Fibres link accused to murder
THE prosecution case in the murder trail of 23-year-old Simon Hall at Norwich Crown Court is due to finish today. Hall, a 24seven employee, has denied killing 79 year-old Joan Albert, of Boydlands, Capel St Mary, who was found dead with stab wounds in her home on the morning of December 16, 2001.
THE prosecution case in the murder trail of 23-year-old Simon Hall at Norwich Crown Court is due to finish today.
Hall, a 24seven employee, has denied killing 79 year-old Joan Albert, of Boydlands, Capel St Mary, who was found dead with stab wounds in her home on the morning of December 16, 2001.
Police interviews were yesterday read to the court with Hall giving his explanation of his movements on the night December 15/16 and a description of what he was wearing.
The clothes he was wearing are significant claim the prosecution because it is alleged that what links him to the murder scene are hundreds of tiny black flock fibres shed from a garment with a pile found in his bedroom and cars.
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Hall told the interviewing officer, Det Con Leslie Volenhoven, he had been wearing navy jeans, a dark long-sleeved top with a "4" on and a dark grey "very fluffy" fleece from Next.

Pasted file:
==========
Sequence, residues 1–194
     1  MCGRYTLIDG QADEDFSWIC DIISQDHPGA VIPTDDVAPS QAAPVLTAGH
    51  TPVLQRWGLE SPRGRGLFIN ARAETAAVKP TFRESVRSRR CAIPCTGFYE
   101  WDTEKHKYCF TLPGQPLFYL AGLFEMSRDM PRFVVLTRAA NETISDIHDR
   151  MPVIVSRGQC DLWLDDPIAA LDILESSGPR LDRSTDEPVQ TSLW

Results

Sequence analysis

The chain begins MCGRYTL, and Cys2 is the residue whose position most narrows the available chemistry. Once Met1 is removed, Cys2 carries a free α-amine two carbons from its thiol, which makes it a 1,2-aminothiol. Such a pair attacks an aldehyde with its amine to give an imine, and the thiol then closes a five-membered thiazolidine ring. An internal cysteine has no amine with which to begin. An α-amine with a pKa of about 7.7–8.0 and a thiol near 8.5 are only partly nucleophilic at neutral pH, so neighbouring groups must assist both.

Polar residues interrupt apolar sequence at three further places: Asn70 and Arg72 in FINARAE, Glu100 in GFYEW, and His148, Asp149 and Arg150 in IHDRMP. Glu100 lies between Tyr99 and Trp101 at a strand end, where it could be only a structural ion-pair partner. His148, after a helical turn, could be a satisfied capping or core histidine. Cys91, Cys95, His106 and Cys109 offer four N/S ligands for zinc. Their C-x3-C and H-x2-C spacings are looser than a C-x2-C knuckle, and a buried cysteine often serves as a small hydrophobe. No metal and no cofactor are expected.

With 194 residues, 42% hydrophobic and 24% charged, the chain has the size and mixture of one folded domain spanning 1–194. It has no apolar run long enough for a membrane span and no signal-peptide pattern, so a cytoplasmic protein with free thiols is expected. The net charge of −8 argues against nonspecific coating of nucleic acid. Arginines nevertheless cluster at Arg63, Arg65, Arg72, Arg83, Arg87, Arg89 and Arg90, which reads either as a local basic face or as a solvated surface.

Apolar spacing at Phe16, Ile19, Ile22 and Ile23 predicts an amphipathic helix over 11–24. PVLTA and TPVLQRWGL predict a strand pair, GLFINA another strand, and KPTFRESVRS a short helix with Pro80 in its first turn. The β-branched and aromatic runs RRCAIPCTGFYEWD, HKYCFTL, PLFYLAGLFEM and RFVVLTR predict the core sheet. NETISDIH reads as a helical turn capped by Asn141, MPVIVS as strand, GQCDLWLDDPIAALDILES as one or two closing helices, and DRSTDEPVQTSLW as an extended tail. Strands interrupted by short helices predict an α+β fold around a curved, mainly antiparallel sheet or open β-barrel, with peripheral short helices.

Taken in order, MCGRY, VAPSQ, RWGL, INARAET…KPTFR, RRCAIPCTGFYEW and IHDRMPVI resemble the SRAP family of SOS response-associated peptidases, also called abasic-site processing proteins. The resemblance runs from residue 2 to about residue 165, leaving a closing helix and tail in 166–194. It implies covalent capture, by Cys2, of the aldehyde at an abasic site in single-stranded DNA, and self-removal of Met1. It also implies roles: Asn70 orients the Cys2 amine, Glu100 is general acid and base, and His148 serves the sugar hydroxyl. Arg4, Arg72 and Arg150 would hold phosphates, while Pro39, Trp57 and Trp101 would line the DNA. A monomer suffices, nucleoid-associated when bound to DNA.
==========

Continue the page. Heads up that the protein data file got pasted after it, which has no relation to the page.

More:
Asked what he did with his clothes when he took them off, Hall had replied: "I lay them on the floor or on the bean bag. I fold them up but I can't be bothered to hang them up."
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The fibres had been found in Hall's bedroom wardrobe, on the floor in front of it and on the beanbag.
Accounting for his movements on that Saturday night, Hall had told police he had gone to the Old Rep pub in Tower Street, Ipswich, where he worked part-time, though he was not on duty there that evening.
After a few drinks, he had gone with a friend to the Woolpack pub in Tuddenham Road, where there was a karaoke session.
When it closed, he had gone back to the Old Rep then to Liquid night club and back to the old Rep where the landlord was having a private party for his sister. Leaving there at 4am he walked about the town for two hours "just trying to sober up."
At 6am he had gone back to the Woolpack where he had left his car and got his car keys from the landlord after convincing him he was sober enough to drive.
Hall said he arrived home at 6.28. "It was 6.28 on the microwave clock. I remember."
When the interviewing officer commented: "That's very precise" Hall had replied: "I remember strange things like that: figures and pointless information. I'm the best one for pointless information.
Hall named friends he had been with during the evening but after driving friend Jamie back home at 6.05, he had been on his own.
He had marked his route home for police as best he could remember and had chatted to his mother when he got in, as she was pottering about in the kitchen.
Earlier that day, 14 witnesses had given evidence in tracing the black flock fibres back through the manufacturer of the cloth, the dyeing process and supply of the nylon all across Europe.
The case continues.